Recently, I came across a January 8, 2018 article by Mike Hulbert from MarketWatch which discussed the merits and limitations of the Dogs-of-the-Dow (DOD) methodology. The author goes on to recommend an alternate approach using Kelley Wright’s “Lucky 13 Portfolio” of dividend-rich stocks. This portfolio produced a 10.43% annual return for the 10 years ending 12/31/2017. In that article, one limitation is that the DOD approach does not consider the undervaluation or overvaluation of a stock. A suggested key metric in valuing a stock is the relative yield of that stock compared to its historical yield. Another factor for consideration is the likelihood of a stock having its dividend cut. Obviously, this would have a significant negative effect on the performance of a high-dividend stock. Both of these points are reasonable for high-dividend stocks.
The article goes on to mention GE’s -45% drop in 2017 as a cautionary case regarding dividend cuts. Fortunately, GE was never in the Dogs-of-the-Dow for 2017. Now that GE is a 2018 Dog, will this be the time to buy GE with its 50% dividend cut. Looking at relative yield, our data shows a 46-year average yield of 3.2% for GE. Since 2008, the average yield is also approximately 3.2%. GE was at a July 2016 high of $32.88 with a $0.92 dividend (2.80% yield). Following its 50% dividend cut in December 2017, GE reached a low of $17.25 with a $0.48 dividend (2.78% yield). Until investors are confident a dividend raise is coming, GE may struggle to rise above this level for some time. However, if GE can improve its balance sheet and inspire some optimism by late 2018, this may be the time to buy GE.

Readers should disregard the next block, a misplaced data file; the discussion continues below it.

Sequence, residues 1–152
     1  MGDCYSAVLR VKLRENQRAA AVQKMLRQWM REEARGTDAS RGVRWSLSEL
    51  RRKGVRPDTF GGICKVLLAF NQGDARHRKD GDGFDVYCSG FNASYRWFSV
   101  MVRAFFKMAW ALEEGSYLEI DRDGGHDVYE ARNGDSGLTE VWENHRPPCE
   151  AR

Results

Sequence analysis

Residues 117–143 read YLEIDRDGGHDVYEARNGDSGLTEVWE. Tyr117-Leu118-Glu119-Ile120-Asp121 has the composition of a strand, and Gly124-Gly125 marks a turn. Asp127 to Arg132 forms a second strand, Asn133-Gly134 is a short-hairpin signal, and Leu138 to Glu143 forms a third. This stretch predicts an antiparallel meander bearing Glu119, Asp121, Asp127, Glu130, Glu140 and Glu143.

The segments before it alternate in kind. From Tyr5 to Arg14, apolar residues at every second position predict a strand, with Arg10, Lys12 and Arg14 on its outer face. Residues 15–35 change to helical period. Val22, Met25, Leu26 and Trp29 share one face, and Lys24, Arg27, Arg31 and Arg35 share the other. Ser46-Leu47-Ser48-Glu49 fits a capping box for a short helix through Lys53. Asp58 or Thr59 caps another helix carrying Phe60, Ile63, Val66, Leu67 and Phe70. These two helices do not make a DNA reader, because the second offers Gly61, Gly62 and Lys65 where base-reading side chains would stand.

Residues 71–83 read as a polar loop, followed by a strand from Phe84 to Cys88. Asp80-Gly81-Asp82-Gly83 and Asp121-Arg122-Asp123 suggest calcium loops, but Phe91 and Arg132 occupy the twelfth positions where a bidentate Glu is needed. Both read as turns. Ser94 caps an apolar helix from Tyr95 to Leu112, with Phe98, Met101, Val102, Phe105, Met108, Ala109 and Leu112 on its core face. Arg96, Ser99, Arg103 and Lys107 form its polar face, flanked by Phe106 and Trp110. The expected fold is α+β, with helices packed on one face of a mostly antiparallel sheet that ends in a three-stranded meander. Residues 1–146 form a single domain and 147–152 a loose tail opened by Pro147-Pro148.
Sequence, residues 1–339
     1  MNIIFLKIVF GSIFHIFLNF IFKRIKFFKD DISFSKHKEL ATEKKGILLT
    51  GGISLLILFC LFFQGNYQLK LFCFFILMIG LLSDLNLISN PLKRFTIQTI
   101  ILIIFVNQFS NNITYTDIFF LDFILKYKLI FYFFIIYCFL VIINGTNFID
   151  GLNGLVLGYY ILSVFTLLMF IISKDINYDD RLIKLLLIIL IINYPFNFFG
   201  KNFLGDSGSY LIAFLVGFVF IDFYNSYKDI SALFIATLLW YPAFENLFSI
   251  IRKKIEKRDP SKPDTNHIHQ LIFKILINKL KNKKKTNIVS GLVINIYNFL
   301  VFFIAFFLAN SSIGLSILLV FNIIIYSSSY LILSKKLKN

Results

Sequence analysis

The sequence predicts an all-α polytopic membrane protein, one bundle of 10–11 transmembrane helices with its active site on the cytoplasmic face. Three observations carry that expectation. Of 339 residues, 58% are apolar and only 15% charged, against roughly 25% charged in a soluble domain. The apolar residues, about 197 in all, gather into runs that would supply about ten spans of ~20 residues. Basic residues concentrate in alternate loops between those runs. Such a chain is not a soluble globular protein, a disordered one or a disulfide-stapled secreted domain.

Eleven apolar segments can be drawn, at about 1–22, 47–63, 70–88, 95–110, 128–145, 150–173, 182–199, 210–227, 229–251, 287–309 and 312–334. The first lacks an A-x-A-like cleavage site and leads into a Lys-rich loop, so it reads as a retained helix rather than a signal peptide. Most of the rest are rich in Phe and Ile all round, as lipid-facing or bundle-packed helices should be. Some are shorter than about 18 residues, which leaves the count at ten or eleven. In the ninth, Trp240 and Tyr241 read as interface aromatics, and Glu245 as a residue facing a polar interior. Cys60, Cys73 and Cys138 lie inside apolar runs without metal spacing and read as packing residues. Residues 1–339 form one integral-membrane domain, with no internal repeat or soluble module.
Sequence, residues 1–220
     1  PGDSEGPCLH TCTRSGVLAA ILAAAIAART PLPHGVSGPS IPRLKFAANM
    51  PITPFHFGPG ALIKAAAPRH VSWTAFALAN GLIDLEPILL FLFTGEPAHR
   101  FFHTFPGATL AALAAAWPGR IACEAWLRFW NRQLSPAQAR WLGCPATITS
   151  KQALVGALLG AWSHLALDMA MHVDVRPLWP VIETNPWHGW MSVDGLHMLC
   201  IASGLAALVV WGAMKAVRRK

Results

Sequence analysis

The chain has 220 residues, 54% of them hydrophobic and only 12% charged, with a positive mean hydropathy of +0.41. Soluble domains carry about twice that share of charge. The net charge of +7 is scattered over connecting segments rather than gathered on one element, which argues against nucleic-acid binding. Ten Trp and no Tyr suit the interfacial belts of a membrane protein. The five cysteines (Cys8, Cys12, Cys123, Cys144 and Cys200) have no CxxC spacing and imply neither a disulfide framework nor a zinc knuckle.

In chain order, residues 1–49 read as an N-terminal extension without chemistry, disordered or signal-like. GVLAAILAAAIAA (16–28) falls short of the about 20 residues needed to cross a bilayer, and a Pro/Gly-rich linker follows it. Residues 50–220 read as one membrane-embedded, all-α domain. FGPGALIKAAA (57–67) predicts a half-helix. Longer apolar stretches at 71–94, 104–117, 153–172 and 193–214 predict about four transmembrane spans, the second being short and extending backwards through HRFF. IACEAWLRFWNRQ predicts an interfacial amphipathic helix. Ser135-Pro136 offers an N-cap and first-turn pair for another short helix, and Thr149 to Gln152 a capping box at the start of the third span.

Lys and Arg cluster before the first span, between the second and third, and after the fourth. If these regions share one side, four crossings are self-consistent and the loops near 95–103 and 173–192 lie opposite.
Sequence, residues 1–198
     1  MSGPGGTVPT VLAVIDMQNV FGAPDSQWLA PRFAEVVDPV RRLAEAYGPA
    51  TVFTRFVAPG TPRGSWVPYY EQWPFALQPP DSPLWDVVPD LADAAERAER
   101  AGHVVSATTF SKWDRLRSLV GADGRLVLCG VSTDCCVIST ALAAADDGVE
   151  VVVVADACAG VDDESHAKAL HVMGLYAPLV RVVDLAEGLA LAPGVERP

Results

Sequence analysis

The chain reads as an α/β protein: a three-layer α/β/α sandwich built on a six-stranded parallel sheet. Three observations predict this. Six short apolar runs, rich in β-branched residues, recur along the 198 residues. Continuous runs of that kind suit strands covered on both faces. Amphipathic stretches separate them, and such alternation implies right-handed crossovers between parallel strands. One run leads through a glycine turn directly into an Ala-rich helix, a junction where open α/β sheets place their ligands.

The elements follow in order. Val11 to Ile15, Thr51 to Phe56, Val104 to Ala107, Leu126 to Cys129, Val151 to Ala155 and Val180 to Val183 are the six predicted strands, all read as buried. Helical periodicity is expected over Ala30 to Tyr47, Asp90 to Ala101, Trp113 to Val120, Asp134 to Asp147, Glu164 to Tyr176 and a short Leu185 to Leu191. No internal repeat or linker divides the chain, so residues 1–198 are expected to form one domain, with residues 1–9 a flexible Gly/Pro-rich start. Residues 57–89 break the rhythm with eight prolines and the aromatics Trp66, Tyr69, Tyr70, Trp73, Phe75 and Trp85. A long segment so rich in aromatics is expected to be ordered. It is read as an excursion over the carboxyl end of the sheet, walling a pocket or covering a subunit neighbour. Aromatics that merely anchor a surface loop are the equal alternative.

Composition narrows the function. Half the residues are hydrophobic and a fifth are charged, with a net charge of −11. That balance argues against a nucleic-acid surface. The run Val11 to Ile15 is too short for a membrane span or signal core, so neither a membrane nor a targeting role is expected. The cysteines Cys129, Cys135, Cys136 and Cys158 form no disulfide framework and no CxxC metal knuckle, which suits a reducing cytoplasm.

MarketWatch Article: These ‘Lucky 13’ dividend-rich stocks are better bets than the ‘Dogs of the Dow’
Readers familiar with our website already know that Michael O’Higgins Dogs-of-the-Dow methodology was a contributing factor behind the development of the DTRS approach. In reviewing Mr. O’Higgin’s original DOD findings along with over 25 years of subsequent data, it was noticed that this simple method had periods of outperformnce and other periods of underperformance. While fluccuating performance is to be expected with any investment approach, our approach using DTRS is to create a more balanced DOD method using up to 6 selection parameters rather than just 2 parameters. So how do the 10-year track-records for the 7 DTRS model portfolios stack-up against the “Lucky 13 Portfolio” and the DOD ETF?
Check out this total return chart (DTRS P-9.4 is the closest DTRS portfolio to the basic DOD approach):